ing compromise between the two diverse heredities, the one seems largely to prevail over the other in certain parts, yet it is difficult to suppose that there is not a minute interrelation between all the parts: and perhaps the significant fact that every mulatto, though darker or lighter, is at least brown, not purely black or purely white, gives us the best key to the true nature of the situation.
So far, I have been tacitly but intentionally taking for granted the very principle which I set out to prove, in order fully to put the reader in possession of the required point of view. The question now arises, Where in this series of events is there room for any fresh element to come in? Can any man ever be anything other than what some of his ancestors have been before him? And, if not, how is progress or mental improvement possible? That men have as a matter of fact risen from a lower to a higher intellectual position is patent. That some races have outstripped other races is equally clear. And that some individual men have surpassed their fellows of the same race and time is also obvious. How are we to account for these facts without admitting that new elements do at sundry times creep in by chance, in the false and unphilosophical sense of the word? How can we get advance unless we admit that exceptional children may be born from time to time with brains of exceptional functional value, wholly uncaused by antecedents in any way?
The answer to this question is really one of the most important in the whole history of mankind. For on the solution of the apparent paradox thus propounded depend two or three most fundamental questions. It is by this means alone that we can account, first, for the existence of great races like the Greeks or the Jews. It is by this means alone that we can account, secondly, for genius in individuals. And it is by this means alone that we can account, thirdly, for the possibility of general progress in the race. It is surprising, therefore, that the question has so little engaged the attention of evolutionary psychologists at the present day.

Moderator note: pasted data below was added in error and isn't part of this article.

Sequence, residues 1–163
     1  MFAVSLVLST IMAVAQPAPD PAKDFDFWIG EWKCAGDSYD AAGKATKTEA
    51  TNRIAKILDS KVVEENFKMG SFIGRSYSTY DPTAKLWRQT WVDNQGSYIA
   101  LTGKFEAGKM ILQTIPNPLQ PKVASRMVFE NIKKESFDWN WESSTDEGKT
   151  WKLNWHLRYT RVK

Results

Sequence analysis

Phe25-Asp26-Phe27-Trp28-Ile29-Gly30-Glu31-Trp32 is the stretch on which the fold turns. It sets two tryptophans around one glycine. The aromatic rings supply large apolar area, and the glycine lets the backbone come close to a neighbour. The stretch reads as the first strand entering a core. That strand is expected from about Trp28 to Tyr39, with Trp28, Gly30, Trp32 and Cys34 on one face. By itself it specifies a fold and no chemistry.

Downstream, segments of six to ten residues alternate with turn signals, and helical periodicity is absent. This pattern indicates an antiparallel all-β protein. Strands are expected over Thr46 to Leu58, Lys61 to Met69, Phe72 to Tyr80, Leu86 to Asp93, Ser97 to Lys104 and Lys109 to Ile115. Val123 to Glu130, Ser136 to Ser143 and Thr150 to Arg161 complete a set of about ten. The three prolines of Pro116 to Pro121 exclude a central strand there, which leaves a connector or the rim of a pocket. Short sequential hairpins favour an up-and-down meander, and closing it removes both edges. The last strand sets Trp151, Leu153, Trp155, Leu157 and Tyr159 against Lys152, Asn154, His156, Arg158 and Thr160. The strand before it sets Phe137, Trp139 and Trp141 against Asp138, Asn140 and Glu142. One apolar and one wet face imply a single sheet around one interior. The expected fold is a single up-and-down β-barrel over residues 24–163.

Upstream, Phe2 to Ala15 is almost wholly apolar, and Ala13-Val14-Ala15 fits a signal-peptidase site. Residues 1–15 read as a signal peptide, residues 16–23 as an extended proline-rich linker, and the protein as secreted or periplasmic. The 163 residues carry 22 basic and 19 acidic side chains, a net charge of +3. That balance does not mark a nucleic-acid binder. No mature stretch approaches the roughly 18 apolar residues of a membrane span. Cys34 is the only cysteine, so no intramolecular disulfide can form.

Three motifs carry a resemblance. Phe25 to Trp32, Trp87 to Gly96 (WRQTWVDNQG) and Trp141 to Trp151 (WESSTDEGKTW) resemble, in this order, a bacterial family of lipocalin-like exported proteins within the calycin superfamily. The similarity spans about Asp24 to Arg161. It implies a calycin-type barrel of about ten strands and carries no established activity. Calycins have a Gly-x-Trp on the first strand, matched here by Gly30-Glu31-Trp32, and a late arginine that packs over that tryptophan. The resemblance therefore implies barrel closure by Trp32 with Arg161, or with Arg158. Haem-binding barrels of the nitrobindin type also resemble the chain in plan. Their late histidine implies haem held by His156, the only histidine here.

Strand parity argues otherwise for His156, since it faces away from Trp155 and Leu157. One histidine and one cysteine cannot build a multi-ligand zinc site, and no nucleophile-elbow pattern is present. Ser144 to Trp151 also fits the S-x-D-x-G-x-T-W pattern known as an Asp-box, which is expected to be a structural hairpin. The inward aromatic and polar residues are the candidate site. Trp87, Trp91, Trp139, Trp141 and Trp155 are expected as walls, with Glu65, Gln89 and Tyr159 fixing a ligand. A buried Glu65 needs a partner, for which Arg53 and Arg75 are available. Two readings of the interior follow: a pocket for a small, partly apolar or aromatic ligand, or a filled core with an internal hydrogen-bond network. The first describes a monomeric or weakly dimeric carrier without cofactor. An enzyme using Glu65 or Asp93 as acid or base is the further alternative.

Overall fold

There are only two conceivable ways in which any increment of brain-power can ever have arisen in any individual. The one is the Darwinian way, by "spontaneous variation"—that is to say, by variations due to minute physical circumstances affecting the individual in the germ. The other is the Spencerian way, by functional increment—that is to say, by the effect of increased use and constant exposure to varying circumstances during conscious life. I venture to think that the first way, if we look it clearly in the face, will be seen to be practically unthinkable: and that we have therefore no alternative but to accept the second. Deeply as I feel the general importance of Darwin's theory of "spontaneous variation" (using the words in the sense in which he always used them), it seems to me that that theory can not properly be applied to the genesis of a nervous system, or of any part of a nervous system, and that in this case we must rather come